The blending stump is one of my most important tools. It flattens out some of the texture and draws out shades from the tone. The reason I like to use it so much is because of the subtlety in the rendering possible with it. It can make the stump into a drawing tool itself. It can make hard edges into soft, which is what I mostly use it for. A lot the efficiency is simply “edge conversion.” Most strokes by default have sharp edges on at least one or two sides. Using a blending stump is the most controllable way to soften edges.


I use erasers not so much to correct mistakes but as a drawing tool themselves. If charcoal is an additive medium, then an eraser is a subtractive medium. It makes the white of the paper into a mark of its own. You can create a white simply by surrounding it with black.

My main eraser is a kneaded eraser. It’s so versatile because it can be made into any shape. It is mostly used by me to create soft edges by lightly erasing tones. Erasers are the second part to my “edge conversion” concept. Whereas brushes and blending stumps make hard edges soft, erasers can make soft edges hard. This can be very useful when creating definite shapes out of soft tones.

These 3-minute drawings were done with the Nitram soft rounds. They combine the best of vine and compressed charcoals in a single tool. Efficiency!

5 minutes each.

This small 10 minute drawing was my favorite of the night. I quickly marked in the landmarks of the shapes and then roughed in the core shadows. I then filled in all the shadow shapes and used the blending stump to bring the light and shadow sides together.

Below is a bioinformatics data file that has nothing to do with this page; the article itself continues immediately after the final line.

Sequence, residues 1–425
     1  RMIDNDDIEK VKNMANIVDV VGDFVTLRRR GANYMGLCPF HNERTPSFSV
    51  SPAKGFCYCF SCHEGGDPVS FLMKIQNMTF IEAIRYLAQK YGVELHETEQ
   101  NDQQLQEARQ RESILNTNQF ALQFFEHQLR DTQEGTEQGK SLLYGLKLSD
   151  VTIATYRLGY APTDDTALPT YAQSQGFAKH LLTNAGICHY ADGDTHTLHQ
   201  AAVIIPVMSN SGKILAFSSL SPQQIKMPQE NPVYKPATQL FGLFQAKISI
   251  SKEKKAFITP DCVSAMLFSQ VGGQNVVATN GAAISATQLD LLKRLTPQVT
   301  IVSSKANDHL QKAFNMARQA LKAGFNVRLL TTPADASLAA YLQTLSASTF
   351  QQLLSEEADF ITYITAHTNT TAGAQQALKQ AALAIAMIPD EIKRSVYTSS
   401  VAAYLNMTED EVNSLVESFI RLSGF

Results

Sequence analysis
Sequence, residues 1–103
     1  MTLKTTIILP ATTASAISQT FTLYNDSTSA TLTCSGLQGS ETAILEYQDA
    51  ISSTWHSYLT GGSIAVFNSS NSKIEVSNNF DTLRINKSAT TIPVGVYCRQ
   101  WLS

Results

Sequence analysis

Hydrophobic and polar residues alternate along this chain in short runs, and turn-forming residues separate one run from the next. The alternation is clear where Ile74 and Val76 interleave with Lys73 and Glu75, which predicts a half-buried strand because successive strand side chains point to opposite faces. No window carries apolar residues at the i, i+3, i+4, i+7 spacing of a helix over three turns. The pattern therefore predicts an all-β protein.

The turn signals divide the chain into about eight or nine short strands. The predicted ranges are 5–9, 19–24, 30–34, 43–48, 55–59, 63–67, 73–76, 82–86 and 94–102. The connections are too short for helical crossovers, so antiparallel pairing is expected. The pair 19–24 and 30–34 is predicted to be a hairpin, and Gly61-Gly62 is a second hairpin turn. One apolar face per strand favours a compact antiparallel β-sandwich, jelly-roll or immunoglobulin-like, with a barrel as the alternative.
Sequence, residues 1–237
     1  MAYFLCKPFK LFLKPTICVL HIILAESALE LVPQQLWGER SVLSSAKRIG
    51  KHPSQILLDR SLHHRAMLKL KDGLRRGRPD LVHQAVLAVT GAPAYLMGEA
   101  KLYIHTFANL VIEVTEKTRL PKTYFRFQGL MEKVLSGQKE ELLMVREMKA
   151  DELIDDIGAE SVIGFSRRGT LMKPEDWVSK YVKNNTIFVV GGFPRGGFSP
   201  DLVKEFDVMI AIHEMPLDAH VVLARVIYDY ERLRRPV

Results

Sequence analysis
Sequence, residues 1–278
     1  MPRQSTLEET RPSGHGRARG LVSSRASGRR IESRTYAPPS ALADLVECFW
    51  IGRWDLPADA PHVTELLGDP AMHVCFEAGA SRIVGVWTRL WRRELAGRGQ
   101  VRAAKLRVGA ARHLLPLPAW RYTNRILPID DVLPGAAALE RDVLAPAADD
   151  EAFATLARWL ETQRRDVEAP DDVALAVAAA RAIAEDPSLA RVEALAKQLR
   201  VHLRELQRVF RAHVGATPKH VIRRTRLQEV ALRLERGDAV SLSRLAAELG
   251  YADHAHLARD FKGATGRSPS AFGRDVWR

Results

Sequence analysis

These next few drawings were made almost exclusively with the Lyra Color Giant.

Working on toned paper is almost the same thing, the main difference is instead of relying on the paper for whites, you use white chalks for highlights. Gray papers tend to grip the charcoal better, making certain techniques harder to pull off quickly, but other more straightforward approaches work well.

A 20 minute drawing that was mostly shaded in by using vine charcoal and blending stumps, then erasing the “spillover” from the boundary of the model’s body.

My favorite way of working is a mixture of tonal and linear drawing. As evidenced in these quick 3-minute drawings, I use a few different tools even for the quick ones if I need to.

These quick 10-minute drawings are made possible by the efficiency of the approach. Once you lay down the initial strokes and tones, you set yourself up for smudging tones with your brush and blender. You can get an astonishing amount of subtle gradation very quickly. Once you erase the excess you get a handsome result in no time.

This was a 20-minute drawing that is almost all tonal. Throwing in some well-chosen outlines gives it a nice ‘pop’ when it counts.

Another drawing on toned paper. This time using sanguine chalk for the reddish tones. Adding red on top of black and white adds a whole extra dimension of color temperature. You can either exploit this for extra impact or just treat it as a different color for monochromatic drawing.

To really drive the point home, here are some gesture drawings that show the tools in action. Almost totally unedited and shown in real-time.
3 Minute Gesture Drawing: Nicole - http://www.youtube.com/watch?v=0jHOIUeX9pc
5-minute gesture drawing: Nicole – http://youtu.be/Z7w8tty6EEM
10-minute gesture drawing: Jessica - http://youtu.be/dQ4YLtjQL3M
20-minute gesture drawing: Angge - http://youtu.be/_ALelYgd9F0

Landscape Drawings in Charcoal

As a bonus, I am putting up some landscape drawings that I’ve been doing in the field lately. I think since drawing is more important than painting and value is more important than color, it’s critical that we as artists develop this side of our technique as much as we can. Without paint and brushwork in the way, this practice gives a much more honest depiction on where we stand in terms of skill. I wish more artists would share the landscape drawings they do.